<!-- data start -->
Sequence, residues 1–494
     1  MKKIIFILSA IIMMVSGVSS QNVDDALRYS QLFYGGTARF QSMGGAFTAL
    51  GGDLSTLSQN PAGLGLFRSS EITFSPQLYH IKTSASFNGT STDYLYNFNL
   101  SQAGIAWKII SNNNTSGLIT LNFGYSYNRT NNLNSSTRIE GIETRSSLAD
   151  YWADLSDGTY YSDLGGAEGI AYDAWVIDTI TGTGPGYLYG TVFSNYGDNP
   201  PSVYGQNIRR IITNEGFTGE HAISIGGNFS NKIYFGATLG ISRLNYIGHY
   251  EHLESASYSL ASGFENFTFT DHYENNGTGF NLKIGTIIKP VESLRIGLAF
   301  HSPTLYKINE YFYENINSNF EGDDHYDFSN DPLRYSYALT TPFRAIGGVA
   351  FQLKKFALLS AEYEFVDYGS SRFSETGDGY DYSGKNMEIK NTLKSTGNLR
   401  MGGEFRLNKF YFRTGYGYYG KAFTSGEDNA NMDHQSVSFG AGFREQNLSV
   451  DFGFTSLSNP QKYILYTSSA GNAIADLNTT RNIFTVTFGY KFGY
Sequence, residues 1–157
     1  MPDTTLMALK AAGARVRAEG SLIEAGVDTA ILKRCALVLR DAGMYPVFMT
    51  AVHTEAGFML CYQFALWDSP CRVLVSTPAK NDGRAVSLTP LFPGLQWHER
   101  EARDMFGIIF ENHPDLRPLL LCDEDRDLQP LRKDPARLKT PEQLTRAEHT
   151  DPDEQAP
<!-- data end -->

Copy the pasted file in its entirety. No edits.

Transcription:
Sequence, residues 1–494
     1  MKKIIFILSA IIMMVSGVSS QNVDDALRYS QLFYGGTARF QSMGGAFTAL
    51  GGDLSTLSQN PAGLGLFRSS EITFSPQLYH IKTSASFNGT STDYLYNFNL
   101  SQAGIAWKII SNNNTSGLIT LNFGYSYNRT NNLNSSTRIE GIETRSSLAD
   151  YWADLSDGTY YSDLGGAEGI AYDAWVIDTI TGTGPGYLYG TVFSNYGDNP
   201  PSVYGQNIRR IITNEGFTGE HAISIGGNFS NKIYFGATLG ISRLNYIGHY
   251  EHLESASYSL ASGFENFTFT DHYENNGTGF NLKIGTIIKP VESLRIGLAF
   301  HSPTLYKINE YFYENINSNF EGDDHYDFSN DPLRYSYALT TPFRAIGGVA
   351  FQLKKFALLS AEYEFVDYGS SRFSETGDGY DYSGKNMEIK NTLKSTGNLR
   401  MGGEFRLNKF YFRTGYGYYG KAFTSGEDNA NMDHQSVSFG AGFREQNLSV
   451  DFGFTSLSNP QKYILYTSSA GNAIADLNTT RNIFTVTFGY KFGY
Sequence, residues 1–157
     1  MPDTTLMALK AAGARVRAEG SLIEAGVDTA ILKRCALVLR DAGMYPVFMT
    51  AVHTEAGFML CYQFALWDSP CRVLVSTPAK NDGRAVSLTP LFPGLQWHER
   101  EARDMFGIIF ENHPDLRPLL LCDEDRDLQP LRKDPARLKT PEQLTRAEHT
   151  DPDEQAP